Over the weekend The New York Times reported that Apple has been quietly removing apps that help users manage their device usage. Apple has made a point of helping users spend less time staring at their screens by introducing the "screen time" feature last year, and now it appears they are cracking down on apps offering similar functionality.

There's no question that we spend a lot of time on our phones. Apps that help users monitor and regulate the amount of time they and their families spend on their devices have become more popular as awareness grows over the potential negative impacts of starting at a screen over long periods of time. Apple appears to recognize this and Screen Time is meant to show users how much time they spend on various activities.

In reality, Screen Time is at best a basic reporting feature but lacks the ability to give users real control over their usage. Developers like OurPact have created apps specifically designed to give parents more control over their young children's phones, but Apple has objected and removed them from the App Store.

The official response from Apple is that the apps were removed because "they put users' privacy and security at risk." The bigger question is whether Apple's recent actions are an example of using their control over the app ecosystem to crush competing apps. This isn't the first time Apple has been accused of anti-competitive behavior with regard to its App Store, and they still don't allow some types of apps that directly mimic specific iOS features like the dialer.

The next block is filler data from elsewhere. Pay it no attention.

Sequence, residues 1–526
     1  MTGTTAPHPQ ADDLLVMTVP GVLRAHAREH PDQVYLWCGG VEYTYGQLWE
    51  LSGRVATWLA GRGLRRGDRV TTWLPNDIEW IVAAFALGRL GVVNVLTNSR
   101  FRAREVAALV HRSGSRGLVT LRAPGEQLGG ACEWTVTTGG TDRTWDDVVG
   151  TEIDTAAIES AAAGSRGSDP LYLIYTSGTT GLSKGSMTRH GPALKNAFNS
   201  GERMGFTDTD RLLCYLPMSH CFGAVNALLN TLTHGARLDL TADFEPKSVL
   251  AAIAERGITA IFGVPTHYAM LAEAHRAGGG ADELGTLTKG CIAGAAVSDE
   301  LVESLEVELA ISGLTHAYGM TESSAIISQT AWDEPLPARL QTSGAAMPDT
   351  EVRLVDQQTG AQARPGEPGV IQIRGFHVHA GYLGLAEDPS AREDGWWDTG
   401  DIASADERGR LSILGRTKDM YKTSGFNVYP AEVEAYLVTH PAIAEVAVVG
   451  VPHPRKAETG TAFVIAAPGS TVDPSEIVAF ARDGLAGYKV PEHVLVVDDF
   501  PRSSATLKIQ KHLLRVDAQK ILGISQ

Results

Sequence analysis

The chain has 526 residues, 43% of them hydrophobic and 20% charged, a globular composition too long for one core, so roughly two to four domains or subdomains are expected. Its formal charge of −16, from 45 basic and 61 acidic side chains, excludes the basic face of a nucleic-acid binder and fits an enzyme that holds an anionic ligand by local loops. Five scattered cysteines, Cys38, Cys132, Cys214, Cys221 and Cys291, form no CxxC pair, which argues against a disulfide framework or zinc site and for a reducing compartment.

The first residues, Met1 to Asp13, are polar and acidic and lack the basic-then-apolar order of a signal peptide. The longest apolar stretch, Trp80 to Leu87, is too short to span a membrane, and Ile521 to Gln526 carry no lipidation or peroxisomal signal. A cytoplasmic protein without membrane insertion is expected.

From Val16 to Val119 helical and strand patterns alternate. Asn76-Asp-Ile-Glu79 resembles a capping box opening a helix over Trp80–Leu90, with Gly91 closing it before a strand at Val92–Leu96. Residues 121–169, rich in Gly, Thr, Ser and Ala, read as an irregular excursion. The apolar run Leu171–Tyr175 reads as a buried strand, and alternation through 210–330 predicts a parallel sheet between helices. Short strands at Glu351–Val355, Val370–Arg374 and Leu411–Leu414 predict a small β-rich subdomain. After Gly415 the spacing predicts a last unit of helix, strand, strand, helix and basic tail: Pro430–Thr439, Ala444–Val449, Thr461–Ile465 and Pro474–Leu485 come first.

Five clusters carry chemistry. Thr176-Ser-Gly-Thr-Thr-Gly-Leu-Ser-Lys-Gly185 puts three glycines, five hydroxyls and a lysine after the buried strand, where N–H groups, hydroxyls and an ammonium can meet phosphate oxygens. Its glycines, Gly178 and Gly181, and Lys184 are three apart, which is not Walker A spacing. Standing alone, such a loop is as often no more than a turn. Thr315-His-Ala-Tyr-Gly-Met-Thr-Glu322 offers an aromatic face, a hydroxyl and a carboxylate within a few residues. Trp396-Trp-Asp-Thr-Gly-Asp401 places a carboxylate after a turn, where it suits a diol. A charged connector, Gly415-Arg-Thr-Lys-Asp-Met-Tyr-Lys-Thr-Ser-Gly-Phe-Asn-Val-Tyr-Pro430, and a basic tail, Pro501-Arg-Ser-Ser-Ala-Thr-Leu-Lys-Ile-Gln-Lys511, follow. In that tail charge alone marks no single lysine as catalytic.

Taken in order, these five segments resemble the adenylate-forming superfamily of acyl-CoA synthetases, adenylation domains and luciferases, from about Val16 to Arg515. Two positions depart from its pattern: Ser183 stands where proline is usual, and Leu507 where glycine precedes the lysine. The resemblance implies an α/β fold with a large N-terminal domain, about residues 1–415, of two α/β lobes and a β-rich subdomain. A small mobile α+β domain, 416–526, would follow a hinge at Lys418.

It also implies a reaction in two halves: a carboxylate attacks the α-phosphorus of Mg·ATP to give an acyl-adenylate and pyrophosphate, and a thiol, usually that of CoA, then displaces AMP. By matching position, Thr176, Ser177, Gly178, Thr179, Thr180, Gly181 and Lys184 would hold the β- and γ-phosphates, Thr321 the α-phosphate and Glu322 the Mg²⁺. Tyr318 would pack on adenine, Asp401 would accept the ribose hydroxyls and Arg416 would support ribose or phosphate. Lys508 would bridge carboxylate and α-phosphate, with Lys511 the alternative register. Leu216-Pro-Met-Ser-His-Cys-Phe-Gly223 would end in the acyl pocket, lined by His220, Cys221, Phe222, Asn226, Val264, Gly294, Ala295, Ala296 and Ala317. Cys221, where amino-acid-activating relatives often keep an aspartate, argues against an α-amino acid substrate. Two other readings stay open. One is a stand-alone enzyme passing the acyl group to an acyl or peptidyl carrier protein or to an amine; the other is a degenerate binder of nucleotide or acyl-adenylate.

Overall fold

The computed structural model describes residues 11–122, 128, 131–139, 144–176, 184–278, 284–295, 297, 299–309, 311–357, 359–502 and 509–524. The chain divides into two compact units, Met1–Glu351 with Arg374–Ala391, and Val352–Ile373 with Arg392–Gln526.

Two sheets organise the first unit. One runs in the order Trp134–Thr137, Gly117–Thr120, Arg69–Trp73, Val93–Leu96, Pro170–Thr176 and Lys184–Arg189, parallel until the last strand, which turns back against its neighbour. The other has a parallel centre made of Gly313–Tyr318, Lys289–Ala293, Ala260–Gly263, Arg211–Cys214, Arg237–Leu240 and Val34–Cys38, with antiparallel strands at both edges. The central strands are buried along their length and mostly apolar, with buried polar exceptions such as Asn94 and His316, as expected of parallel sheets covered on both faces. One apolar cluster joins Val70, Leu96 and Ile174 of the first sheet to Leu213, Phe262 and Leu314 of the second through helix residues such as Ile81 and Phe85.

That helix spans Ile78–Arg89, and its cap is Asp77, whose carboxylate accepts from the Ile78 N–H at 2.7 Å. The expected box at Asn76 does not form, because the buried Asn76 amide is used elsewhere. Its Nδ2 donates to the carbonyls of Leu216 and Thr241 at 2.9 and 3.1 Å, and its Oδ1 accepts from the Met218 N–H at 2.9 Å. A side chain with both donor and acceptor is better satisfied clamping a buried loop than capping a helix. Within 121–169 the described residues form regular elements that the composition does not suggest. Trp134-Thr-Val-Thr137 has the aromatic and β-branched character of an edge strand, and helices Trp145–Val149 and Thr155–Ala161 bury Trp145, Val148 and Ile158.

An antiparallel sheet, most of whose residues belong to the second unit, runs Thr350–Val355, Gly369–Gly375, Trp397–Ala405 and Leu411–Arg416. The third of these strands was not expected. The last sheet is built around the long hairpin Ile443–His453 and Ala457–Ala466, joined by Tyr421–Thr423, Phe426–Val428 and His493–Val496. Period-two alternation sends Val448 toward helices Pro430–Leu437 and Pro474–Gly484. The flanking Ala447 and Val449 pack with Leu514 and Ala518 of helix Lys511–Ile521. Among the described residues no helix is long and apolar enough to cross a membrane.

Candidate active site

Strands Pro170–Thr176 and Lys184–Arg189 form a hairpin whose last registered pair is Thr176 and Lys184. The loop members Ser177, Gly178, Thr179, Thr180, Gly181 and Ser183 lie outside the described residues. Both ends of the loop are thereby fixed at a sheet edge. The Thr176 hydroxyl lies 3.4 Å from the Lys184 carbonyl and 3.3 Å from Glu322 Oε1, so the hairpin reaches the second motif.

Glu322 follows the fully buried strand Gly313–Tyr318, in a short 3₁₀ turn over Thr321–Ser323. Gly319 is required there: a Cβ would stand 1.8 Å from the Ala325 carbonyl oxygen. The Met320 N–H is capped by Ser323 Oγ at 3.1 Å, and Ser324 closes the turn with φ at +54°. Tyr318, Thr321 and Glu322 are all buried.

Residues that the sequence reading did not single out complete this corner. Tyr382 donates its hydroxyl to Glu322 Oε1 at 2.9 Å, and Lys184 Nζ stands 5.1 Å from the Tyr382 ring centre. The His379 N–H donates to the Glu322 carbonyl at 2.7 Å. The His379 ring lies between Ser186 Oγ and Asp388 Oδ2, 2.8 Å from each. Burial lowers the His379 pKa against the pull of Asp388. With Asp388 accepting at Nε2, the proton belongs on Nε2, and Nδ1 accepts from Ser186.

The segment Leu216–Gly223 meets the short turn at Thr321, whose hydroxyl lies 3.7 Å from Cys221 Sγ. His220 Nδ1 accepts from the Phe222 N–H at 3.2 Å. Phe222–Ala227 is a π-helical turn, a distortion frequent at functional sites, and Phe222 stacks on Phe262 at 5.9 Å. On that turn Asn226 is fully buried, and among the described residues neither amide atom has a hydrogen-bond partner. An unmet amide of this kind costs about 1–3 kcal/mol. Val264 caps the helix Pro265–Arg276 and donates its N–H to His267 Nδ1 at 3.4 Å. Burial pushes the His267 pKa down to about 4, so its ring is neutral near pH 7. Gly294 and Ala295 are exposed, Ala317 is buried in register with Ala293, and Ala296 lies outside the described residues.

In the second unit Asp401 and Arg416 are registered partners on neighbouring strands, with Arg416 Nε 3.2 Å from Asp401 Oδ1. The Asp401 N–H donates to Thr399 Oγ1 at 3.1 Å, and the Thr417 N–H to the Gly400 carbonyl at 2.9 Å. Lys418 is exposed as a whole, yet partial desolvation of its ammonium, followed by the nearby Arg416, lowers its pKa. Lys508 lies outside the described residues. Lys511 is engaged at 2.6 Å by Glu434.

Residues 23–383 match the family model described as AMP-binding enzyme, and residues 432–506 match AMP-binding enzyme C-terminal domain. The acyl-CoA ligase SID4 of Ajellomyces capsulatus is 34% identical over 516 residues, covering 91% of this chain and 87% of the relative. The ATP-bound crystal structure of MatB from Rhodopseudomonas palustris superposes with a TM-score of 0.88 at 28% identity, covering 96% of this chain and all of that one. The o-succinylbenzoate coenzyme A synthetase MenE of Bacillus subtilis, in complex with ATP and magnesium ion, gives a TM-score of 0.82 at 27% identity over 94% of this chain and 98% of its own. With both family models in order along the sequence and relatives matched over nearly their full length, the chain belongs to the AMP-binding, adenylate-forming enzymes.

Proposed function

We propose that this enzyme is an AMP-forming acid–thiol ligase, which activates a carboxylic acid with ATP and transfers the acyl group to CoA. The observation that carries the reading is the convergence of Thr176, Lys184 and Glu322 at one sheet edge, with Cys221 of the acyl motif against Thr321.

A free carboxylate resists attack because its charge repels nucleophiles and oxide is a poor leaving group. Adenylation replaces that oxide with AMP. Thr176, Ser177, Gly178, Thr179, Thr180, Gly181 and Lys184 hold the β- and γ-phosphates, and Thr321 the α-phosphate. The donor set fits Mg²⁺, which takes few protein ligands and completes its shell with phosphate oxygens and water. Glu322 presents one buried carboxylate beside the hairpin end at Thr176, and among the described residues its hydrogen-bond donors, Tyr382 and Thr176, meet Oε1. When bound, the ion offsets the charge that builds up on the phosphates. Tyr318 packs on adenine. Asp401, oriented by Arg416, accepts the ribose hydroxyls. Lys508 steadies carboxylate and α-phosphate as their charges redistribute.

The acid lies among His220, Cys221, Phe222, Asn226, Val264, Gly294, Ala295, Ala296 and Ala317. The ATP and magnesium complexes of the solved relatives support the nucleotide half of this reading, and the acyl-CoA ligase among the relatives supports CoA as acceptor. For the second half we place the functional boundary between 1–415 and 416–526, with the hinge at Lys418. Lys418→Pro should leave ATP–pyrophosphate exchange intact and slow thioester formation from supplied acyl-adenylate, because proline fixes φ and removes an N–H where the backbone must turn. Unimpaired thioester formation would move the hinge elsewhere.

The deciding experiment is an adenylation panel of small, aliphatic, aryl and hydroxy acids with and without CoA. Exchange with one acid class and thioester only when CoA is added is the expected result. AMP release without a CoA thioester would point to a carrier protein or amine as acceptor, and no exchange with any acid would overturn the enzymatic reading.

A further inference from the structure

Here are two reasons why this matters:

User privacy

Apple has made a huge point of giving users control over things like privacy, which makes sense considering they manufacture the devices that facilitate all kinds of personal interactions. At the same time, our smartphones know where we are, who we communicate with, and often what we're doing. 

Apple's response makes it clear that some developers have been able to use that information in ways Apple never intended. Presumably, none of the apps involved had nefarious purposes, but that may not always be the case. These apps explicitly used functionality designed for managing work devices, which means that your employees and your business are directly affected by the access these apps have to private and proprietary information. 

Seamless experience at a cost

The other reason, which most of the reporting has touched on, is that Apple exerts a tremendous amount of control over the daily interactions of millions of people. Because of their extraordinary size and market position, they are able to create affordable technology that's easy to use, but there's another cost. That size means they are able to dictate what you're able to use on your device, and what developers are able to design for their customers.

The seamless integration of hardware, software, and services makes for a great overall user experience most of the time, but also means that they make decisions that directly impact your life and your business. Apple claims to make these decisions for your benefit, even if it means shutting out the competition. The question you should be asking is for what benefit are you willing to give up control over making those decisions yourself.